— Jenny Neill

Boston: For the Helpers

Boston. Once upon a time, this was my home. I landed there mere weeks after graduating from college. I was about as fresh-faced and wet-behind-the-ears as any kid embarking on her first professional adventure could be. For two weeks, I stayed with a family in Newton. The brother of one of my father’s clients agreed to let me stay until I found an apartment. His wife made me feel right at home, as did their tween son and the big golden lab who liked to lay his head in my lap at the dinner table. I’d come for a new job in a new city. It was a hectic time as I rushed to find an apartment before the first of the next month.

People sometimes ask me what brought me to Seattle and I’ll often quip, “Fleeing Boston.” There’s truth to that. I got a little wiser in Boston. A little older. I’d moved in with my boyfriend (I married him a few years later). We faced numerous challenges. The same that many young couples do in one way or another. The concern of parents and grandparents who worried we had made a huge mistake. The trials and tribulations of finding our way through making rent, finding friends where we knew no one our age, and the stress of dealing with workplace politics for the first time.

By the time we made the decision to leave, the shine had come off of my then-delayed, later-abandoned graduate school plans. The seeds of clarity about which way my life would go were just starting to germinate.

I’ve only been back once since traversing Interstate 90, trading Beantown for the Emerald City. I was on a business trip during which I spent days in a conference room with thirty minutes for lunch. No time to visit the old neighborhood, to see friends and reminisce.

Were some of my life’s present circumstances a little different, I would have been there this past weekend on assignment at the annual specialty coffee convention that ended Sunday. I would have stayed on to meet up with my sister-in-law who was in town as part of the race activities yesterday. I would have spent an extra day or two rediscovering my former home town.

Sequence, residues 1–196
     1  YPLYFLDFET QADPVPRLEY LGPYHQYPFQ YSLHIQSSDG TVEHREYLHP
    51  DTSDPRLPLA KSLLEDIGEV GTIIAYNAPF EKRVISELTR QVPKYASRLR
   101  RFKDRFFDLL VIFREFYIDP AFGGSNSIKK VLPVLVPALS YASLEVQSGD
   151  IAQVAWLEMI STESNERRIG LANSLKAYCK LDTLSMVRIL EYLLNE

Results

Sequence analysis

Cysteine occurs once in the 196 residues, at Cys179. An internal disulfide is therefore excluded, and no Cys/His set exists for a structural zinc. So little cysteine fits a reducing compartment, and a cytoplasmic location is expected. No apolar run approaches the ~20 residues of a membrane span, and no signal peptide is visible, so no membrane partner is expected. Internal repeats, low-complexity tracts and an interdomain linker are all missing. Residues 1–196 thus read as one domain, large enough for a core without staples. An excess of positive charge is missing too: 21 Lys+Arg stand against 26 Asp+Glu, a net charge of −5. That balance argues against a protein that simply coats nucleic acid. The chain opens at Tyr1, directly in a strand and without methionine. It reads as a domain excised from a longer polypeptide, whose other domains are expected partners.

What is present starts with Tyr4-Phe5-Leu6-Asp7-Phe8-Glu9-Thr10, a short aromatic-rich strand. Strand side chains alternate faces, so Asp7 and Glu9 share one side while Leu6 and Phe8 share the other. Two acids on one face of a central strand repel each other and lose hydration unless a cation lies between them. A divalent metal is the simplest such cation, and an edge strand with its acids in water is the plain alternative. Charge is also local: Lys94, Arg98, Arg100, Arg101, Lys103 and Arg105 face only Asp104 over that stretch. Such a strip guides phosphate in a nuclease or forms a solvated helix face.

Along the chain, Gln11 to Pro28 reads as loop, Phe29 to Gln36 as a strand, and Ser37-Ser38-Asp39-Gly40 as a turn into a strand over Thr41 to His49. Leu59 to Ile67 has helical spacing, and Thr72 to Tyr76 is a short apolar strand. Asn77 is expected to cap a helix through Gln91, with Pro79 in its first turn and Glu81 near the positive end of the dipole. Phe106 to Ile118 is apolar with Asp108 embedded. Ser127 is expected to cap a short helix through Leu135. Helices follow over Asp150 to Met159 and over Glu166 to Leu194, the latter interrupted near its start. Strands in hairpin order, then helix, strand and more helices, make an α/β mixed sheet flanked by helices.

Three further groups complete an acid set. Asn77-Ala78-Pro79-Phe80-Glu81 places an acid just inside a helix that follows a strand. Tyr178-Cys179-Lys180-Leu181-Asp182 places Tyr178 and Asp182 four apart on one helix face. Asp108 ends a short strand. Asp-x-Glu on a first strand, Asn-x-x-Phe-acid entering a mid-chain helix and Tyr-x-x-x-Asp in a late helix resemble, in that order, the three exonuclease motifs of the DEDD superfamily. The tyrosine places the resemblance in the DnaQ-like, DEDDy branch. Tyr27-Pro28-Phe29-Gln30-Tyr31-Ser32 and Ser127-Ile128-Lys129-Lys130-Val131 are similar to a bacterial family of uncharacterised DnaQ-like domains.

Our first Patriot’s Day in Boston was nearly 20 years ago. Mike, now my husband who has since run two marathons, was not yet a runner. The race went right past our first apartment there, on Commonwealth Avenue. We lived about four miles from the finish line the first of our two years there close enough to Boston College that most of the apartment buildings housed college students or visiting professors.

I can imagine how quiet the city must have been last night. I’ve seen it nearly shut down before. For weather, not violence. Our first winter there the blizzards were relentless. Nine storms, with an accumulation of over 90 inches of snow in most parts of the city. For a couple of days, only law enforcement and emergency medical personnel were allowed to be on the roads. The streets and sidewalks were blanketed many inches deep in snow. Doctors commuted on cross country skies.

When I think of my time living in Boston, I think of hard lessons learned. Of debt. Of youthful ambition. Of professional and personal trials, the type which I still dream of using in a short story or novel someday.

I worked with a mix of professionals at MGH: nurses and doctors, psychologists and social workers, lab techs and phlebotomists. Together, we cared for “challenging” people: drug addicts and alcoholics, many also living with HIV or AIDS.

The Bostonians I knew then were tough, each in his or her own way. And caring too. Like that family that opened its home to me, a young woman from the Midwest, for a couple of weeks under far less dire circumstances.

I applaud the first responders and event volunteers who ran toward danger after the bombs went off. Just as I remember near silent streets, when I close my eyes, I see and hear the mettle of caregivers there. Today, tending to the wounded.

For them and for those who lost someone, I wish a speedy recovery in body and mind.